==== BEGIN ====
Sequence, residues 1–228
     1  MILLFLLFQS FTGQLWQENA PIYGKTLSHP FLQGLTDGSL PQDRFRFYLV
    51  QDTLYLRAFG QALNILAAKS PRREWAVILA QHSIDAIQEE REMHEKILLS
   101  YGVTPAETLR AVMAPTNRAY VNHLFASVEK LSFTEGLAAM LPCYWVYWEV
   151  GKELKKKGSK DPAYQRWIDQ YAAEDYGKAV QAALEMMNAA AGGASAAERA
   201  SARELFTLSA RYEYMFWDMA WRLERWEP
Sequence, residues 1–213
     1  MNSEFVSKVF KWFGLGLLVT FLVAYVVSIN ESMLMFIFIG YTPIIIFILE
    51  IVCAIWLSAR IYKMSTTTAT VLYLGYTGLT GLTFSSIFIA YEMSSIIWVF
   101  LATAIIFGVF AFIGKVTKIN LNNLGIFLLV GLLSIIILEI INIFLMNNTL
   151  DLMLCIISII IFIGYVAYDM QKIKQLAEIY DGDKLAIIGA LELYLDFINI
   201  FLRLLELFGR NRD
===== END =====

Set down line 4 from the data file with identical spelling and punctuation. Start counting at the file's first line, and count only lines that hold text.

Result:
   101  YGVTPAETLR AVMAPTNRAY VNHLFASVEK LSFTEGLAAM LPCYWVYWEV